Musical Artifact no1 – Stanley Motta MRS 78rpm Record Sleeve
There is so much you can learn..
There is so much you can learn from just one object, one step in your collecting and accumulation. This sleeve is just one such object. (Pictured Below), it was very kindly sent to me by a seller on eBay, gratis, thanks Phil, you know who you are!
Tab Smith and the Duke
To begin with; it came with a 78rpm single of Tab Smith’s ‘My Mother’s Eyes’ on Down Beat in it. This tune was Duke Reid’s sign on tune for his Treasure Isle Time radio show in Jamaica in the early days of Jamaica’s self-produced musical excursions, it is also on an interesting record label – Down Beat.
Down Beat was the label owned by Dada Tewari a wealthy immigrant to Jamaica of Indian extraction. He owned this label and the Caribou label; which alongside a staple diet of Mento and Calypso featured some of the earliest self-produced Jamaican Shuffle Blues, Boogie and Ska productions, notably those featuring Cuban Laurel Aitken, later to be the Skinheads Reggae and Ska artiste of choice.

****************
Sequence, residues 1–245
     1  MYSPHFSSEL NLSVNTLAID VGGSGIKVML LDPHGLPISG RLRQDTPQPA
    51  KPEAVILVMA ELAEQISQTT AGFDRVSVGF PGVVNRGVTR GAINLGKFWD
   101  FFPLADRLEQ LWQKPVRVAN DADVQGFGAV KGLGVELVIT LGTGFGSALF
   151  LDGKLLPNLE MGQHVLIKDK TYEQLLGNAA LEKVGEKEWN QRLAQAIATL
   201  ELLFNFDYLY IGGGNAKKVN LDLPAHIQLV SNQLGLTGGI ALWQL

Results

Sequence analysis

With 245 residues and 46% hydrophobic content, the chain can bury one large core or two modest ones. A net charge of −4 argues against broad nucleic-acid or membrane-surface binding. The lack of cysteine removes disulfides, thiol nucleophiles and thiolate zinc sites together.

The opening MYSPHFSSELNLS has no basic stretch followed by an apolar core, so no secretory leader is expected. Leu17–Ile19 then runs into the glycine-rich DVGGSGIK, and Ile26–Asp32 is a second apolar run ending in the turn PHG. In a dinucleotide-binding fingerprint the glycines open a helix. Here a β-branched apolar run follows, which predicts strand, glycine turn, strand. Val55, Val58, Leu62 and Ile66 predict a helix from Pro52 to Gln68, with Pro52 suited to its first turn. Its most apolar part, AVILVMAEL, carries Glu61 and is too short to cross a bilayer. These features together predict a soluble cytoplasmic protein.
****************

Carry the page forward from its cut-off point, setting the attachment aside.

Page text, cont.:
Down Beat as far as I am aware exclusively licensed and released U.S. music, mainly American Shuffle Blues, Jazz and Rhythm and Blues, the Tab Smith tune, being an example of this. The records were as far as I am aware, pressed in Jamaica.
Motta and MRS
Stanley Motta was Jamaica’s first producer to release a record recorded in Jamaica, in Jamaica. By that I mean, the song was both recorded in a studio in Jamaica and then given release there, up until this release. ‘DAN WILLIAMS AND HIS ORCHESTRA – VOCAL LORD FLY MEDLY OF JAMAICAN MENTO on MRS SSS.2033X / 01A released 1952 (probably recorded late ’51) nothing recorded in the actual country had been released there as far as is known. There are some people, notably Ernest Ranglin, who claim that Jamaican Mento was recorded in New York, sometime before this ’52 release and of course there were people recording in Jamaica, like Ken Khouri around this time, just that they had not at this point actually released anything commercially. The sleeve you see contained one of the single 78rpm discs produced by Motta and his company.
Further useful information can be gleaned as to exactly where his operation was located and what songs had up to the point of this sleeve’s printing, been released from the sleeve.
One small simple and rather tattered object can tell you so much about musical history.